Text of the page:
Wednesday 4 July 2007
Thyroid nodules are a very common clinical finding, and although the majority of them are benign, thyroid carcinoma accounts for about 5-15% of nodules.
Fine-needle aspiration cytology (FNAC) is actually used for the differential diagnosis of these lesions.
Although in most cases this examination clearly distinguishes benign from malignant lesions, some fine-needle aspiration (FNA) samples fall into undetermined thyroid cytology categories, which according to the most recent classification of thyroid FNAC consist of ‘suspicious for malignancy’, ‘suspicious for follicular or Hurtle cell neoplasm’, and ‘follicular lesion of undetermined significance/atypia of undetermined significance’.
Moreover, some samples are insufficient for diagnosis. Taken together, these categories account for almost 20-30% of nodules.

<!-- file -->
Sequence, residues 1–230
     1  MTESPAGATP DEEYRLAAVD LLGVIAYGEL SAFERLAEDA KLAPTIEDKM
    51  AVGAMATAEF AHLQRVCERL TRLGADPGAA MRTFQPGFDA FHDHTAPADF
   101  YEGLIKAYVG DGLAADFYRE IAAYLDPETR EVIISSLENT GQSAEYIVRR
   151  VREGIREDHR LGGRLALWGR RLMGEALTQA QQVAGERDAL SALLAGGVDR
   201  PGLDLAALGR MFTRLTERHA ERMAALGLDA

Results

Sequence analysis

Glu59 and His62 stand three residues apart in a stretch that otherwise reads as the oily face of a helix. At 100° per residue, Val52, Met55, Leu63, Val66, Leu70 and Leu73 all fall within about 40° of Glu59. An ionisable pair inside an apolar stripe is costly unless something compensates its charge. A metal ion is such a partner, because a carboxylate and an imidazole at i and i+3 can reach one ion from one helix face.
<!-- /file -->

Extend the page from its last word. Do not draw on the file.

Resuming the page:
Owing to the high risk of papillary thyroid carcinoma, patients with lesions that are ‘suspicious for malignancy’ are currently subjected to lobectomy or total thyroidectomy.
On the other hand, patients with ‘atypia of undetermined significance’ undergo repeated FNAs, and patients with ‘suspicious for follicular or Hurtle cell neoplasm’ are subjected to diagnostic lobectomy and subsequently, in the case of histological diagnosis of carcinoma, total thyroidectomy.
Differential diagnosis of thyroid nodules using fine-needle aspiration cytology and oncogene mutation screening: are we ready? http://f1000.com/prime/reports/m/2/62/
thyroid macroscopical anomalies
Fine-needle aspiration of follicular lesions of the thyroid. Diagnosis and follow-Up. Deveci MS, Deveci G, LiVolsi VA, Baloch ZW. Cytojournal. 2006 Apr 7;3:9. PMID: #16603062# [Free]
The role of fine-needle aspiration biopsy in the management of patients with thyroid nodules. Zagorianakou P, Malamou-Mitsi V, Zagorianakou N, Stefanou D, Tsatsoulis A, Agnantis NJ. In Vivo. 2005 May-Jun;19(3):605-9. PMID: #15875783# [Free]